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Semin Thromb Hemost. 2010 Nov;36(8):888-906. doi: 10.1055/s-0030-1267043. Epub 2010 Nov 3.

Microparticles in cancer.

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Montreal Children's Hospital Research Institute, McGill University, Montreal, Quebec, Canada.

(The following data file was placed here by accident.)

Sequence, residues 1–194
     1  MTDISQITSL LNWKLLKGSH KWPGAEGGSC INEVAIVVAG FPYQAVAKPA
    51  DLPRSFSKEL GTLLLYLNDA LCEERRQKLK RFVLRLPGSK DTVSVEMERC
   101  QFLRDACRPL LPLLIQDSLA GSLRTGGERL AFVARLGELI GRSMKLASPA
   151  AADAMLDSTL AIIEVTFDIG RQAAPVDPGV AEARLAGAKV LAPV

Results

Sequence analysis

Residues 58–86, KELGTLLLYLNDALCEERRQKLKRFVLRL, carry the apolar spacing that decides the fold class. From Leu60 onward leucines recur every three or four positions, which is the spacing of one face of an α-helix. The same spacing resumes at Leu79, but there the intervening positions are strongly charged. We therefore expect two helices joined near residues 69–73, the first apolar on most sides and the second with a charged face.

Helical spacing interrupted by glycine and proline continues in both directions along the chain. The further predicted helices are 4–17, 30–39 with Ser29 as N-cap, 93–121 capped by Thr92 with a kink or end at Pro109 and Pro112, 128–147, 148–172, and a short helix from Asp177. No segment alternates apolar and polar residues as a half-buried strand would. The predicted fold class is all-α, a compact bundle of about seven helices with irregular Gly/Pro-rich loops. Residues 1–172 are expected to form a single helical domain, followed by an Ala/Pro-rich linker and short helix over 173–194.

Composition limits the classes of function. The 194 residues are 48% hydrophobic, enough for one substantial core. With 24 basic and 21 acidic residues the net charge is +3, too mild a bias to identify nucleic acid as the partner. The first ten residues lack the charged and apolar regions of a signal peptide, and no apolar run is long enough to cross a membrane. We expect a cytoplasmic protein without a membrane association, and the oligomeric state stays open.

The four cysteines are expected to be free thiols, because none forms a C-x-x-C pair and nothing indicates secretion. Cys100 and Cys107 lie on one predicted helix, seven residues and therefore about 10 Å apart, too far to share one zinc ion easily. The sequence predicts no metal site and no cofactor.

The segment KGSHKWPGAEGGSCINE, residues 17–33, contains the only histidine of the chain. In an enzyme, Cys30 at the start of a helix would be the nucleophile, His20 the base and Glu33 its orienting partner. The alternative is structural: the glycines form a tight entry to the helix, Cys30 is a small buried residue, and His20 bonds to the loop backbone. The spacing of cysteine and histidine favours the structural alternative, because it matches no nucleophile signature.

Microparticles (MP) are vesicular structures released from cells upon activation, malignant transformation, stress, or death. MP may be derived from the plasma membrane (shed microvesicles), produced by endosomal pathway (exosomes), or arise from membrane blebs of apoptotic cells. The terms microparticles or microvesicles (MV) are often used as general and interchangeable descriptors of all cellular vesicles, but a more rigorous terminology is still to be established. The cargo of MP/MV consists of proteins, lipids, and nucleic acids (DNA, mRNA, microRNA), all of which may be transferred horizontally between cells. In cancer, oncogenic pathways drive production of MP/MV, and oncoproteins may be incorporated into the cargo of MV (oncosomes). Oncogenic pathways may also stimulate production of MP/MV harboring tissue factor and involved in cancer coagulopathy. In addition, the cargo of MV may include several receptors, antigens, bioactive molecules, and other species capable of stimulating tumor progression, immunotolerance, invasion, angiogenesis, and metastasis. MP emanate not only from tumor cells but also from platelets, endothelium, and inflammatory cells. Indeed, circulating MP/MV harbor molecular information related to cancer-related processes and may serve as a reservoir of prognostic and predictive biomarkers to monitor genetic tumor progression, angiogenesis, thrombosis, and responses to targeted therapeutics.

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